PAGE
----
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Newman v. Commissioner of Social Security

United States District Court, D. Connecticut

October 9, 2019

CEDRIC S. NEWMAN, III
v.
COMMISSIONER OF SOCIAL SECURITY

          ORDER OF DISMISSAL

          HON. SARAH A. L. MERRIAM UNITED STATES MAGISTRATE JUDGE.

         On February 8, 2019, the self-represented plaintiff Cedric S. Newman, III (“plaintiff”) filed a Complaint for Review of Social Security Administration Decision. [Doc. #1]. For the reasons that follow, the Court DISMISSES, without prejudice, plaintiff's Complaint [Doc. #1] for failure to prosecute and failure to comply with the Court's orders.

         BACKGROUND

         Plaintiff filed the Complaint in this matter on February 8, 2019, using a form complaint for Review of a Social Security Administration Decision. See Doc. #1, Complaint. Simultaneously therewith, plaintiff also filed a motion seeking leave to proceed in forma pauperis [Doc. #2], which the Court granted on February 11, 2019 [Doc. #7].

         On March 21, 2019, the parties filed a Consent to Jurisdiction by a United States Magistrate Judge. [Doc. #11]. On April 9, 2019, defendant Commissioner of Social Security (“defendant”) filed the Social Security Transcripts. [Doc. #12]. On that same date, the Court entered its Supplemental Scheduling Order, requiring plaintiff to file his motion to reverse and/or remand by June 8, 2019. See Doc. #13 at 1. A copy of the Court's Supplemental Scheduling Order was sent to plaintiff by United States Mail on that same date.

         Because June 8, 2019, fell on a Saturday, plaintiff's motion to reverse and/or remand was due by Monday, June 10, 2019. Plaintiff failed to file his motion to reverse and/or remand by that date. As a result, on June 14, 2019, the Court issued an Order to Show Cause why this matter should not be dismissed for plaintiff's failure to prosecute. [Doc. #14]. The Court ordered that plaintiff file a response to the Court's Order to Show Cause on or before the close of business on June 28, 2019. See Id. A copy of the Court's Order to Show Cause was sent to plaintiff by United States Mail on June 14, 2019.

         On June 26, 2019, presumably in response to the Court's Order to Show Cause, plaintiff filed a motion seeking an additional 60 days to file his motion to reverse and/or remand and statement of material facts. See Doc. #15. On June 27, 2019, the Court granted plaintiff's motion, and afforded him an additional 30 days beyond what he had requested in his motion. See Doc. #16. The Court ordered plaintiff to file his motion on or before September 27, 2019. See Id. Because plaintiff represented that he was trying to secure counsel, see Doc. #15 at 1, the Court noted: “In the event that plaintiff is unable to secure counsel, then plaintiff will be responsible for preparing and submitting his motion to reverse and/or remand by September 27, 2019. Should plaintiff fail to file his motion to reverse and/or remand by September 27, 2019, this case may be dismissed.” Doc. #16. A copy of the Court's June 27, 2019, Order was sent to plaintiff by United States Mail on June 28, 2019.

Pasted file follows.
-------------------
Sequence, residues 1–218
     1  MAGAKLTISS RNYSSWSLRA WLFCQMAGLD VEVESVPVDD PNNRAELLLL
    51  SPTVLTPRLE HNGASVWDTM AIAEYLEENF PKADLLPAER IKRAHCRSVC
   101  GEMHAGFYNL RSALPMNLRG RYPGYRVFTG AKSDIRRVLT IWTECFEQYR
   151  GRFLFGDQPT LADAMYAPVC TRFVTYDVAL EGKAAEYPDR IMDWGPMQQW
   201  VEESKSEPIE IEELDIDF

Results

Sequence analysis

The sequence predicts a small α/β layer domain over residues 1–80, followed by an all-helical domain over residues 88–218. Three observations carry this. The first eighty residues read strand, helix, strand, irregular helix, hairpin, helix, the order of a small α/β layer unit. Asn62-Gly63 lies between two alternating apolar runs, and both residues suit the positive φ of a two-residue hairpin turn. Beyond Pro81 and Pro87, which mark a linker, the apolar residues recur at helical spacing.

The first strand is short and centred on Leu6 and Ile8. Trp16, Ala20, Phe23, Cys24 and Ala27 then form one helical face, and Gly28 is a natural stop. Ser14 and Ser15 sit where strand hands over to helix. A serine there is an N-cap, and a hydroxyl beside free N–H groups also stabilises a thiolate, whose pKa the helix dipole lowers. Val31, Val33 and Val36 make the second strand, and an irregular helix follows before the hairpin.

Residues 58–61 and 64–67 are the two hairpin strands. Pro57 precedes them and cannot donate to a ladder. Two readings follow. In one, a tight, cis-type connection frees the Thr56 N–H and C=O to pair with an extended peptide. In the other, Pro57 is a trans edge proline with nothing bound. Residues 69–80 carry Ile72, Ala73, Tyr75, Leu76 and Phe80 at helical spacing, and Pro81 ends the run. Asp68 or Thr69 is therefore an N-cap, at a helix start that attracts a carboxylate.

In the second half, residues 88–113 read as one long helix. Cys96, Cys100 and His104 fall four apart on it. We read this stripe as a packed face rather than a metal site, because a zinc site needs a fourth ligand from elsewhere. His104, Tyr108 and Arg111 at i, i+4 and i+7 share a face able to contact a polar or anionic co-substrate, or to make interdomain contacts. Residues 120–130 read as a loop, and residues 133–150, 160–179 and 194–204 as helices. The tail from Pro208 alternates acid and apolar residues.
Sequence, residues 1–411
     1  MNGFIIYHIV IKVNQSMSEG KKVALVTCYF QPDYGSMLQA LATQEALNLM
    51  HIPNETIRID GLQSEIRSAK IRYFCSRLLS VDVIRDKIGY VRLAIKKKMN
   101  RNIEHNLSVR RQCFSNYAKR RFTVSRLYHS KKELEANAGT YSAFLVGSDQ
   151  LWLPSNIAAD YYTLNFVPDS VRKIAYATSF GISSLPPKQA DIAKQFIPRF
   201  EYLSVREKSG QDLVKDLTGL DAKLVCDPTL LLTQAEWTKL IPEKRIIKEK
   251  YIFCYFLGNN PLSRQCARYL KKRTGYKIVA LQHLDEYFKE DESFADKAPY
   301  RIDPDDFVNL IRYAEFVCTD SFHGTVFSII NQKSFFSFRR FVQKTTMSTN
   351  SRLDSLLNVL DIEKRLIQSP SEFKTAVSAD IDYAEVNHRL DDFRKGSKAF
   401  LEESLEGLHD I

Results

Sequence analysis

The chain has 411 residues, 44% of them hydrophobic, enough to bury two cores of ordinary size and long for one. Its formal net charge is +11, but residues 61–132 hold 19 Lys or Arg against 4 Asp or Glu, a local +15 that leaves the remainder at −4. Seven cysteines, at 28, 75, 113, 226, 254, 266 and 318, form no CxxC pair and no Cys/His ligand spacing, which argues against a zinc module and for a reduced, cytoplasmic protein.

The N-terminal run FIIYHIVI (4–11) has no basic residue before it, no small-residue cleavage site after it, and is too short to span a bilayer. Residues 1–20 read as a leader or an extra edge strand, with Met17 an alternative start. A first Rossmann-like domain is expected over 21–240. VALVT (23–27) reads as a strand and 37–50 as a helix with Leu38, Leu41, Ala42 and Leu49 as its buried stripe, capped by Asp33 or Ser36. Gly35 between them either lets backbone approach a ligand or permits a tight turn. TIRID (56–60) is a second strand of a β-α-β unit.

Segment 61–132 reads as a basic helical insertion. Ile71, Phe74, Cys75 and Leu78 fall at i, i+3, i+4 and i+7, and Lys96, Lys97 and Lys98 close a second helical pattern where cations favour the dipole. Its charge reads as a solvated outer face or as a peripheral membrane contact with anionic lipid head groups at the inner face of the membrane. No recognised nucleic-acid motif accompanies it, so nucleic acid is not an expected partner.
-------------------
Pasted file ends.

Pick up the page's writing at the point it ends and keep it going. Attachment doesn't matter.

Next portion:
On July 1, 2019, plaintiff filed a motion for appointment of counsel [Doc. #17], which the Court denied on July 2, 2019, [Doc. #18]. A copy of the Court's July 2, 2019, Order was sent to plaintiff by United States Mail on that same date.

         To date, plaintiff has failed to file any motion to reverse and/or remand. Since July 1, 2019, plaintiff has not filed any documents with the Court.

         DISCUSSION

         “A district court has the inherent power to dismiss a case ... for lack of prosecution pursuant to Rule 41(b) of the Federal Rules of Civil Procedure. The Supreme Court explained that such authority is governed by the control necessarily vested in courts to manage their own affairs so as to achieve the orderly and expeditious disposition of cases.” Reynel v. Barnhart, No. 01CV6482(RLE), 2002 WL 2022429, at *1 (S.D.N.Y. Sept. 3, 2002) (citation and quotation marks omitted). “Although not explicitly authorized by Rule 41(b), a court may dismiss a complaint for failure to prosecute sua sponte.” Zappin v. Doyle, 756 Fed.Appx. 110, 111-12 (2d Cir. 2019).

         “Rule 41(b) recognizes the district courts' power to dismiss a complaint for failure of the plaintiff to comply with a court order, treating noncompliance as a failure to prosecute. Courts have repeatedly found that dismissal of an action is warranted when a litigant, whether represented or instead proceeding pro se, fails to comply with legitimate court directives.” Bonnette v. Comm'r of Soc. Sec., No. 16CV6398(ENV), 2018 WL 6173434, at *2 (E.D.N.Y. Nov. 26, 2018). When considering whether to dismiss an action for failure to prosecute, courts generally consider the following five factors:

“(1) the duration of the plaintiff's failure to comply with the court order, (2) whether plaintiff was on notice that failure to comply would result in dismissal, (3) whether the defendants are likely to be prejudiced by further delay in the proceedings, (4) a balancing of the court's interest in managing its docket with the plaintiff's interest in receiving a fair chance to be heard, and (5) whether the judge has adequately considered a sanction less drastic than dismissal.” Lucas v. Miles, 84 F.3d 532, 535 (2d Cir. 1996). No. single factor is generally dispositive. Nita v. Connecticut Dep't of Envtl. Prot., 16 F.3d 482, 485 (2d Cir. 1994).

Baptiste v. Sommers, 768 F.3d 212, 216 (2d Cir. 2014); accord Rozell v. Berryhill, No. 18CV969(AJN)(JLC), 2019 WL 1320514, at *1-2 ...


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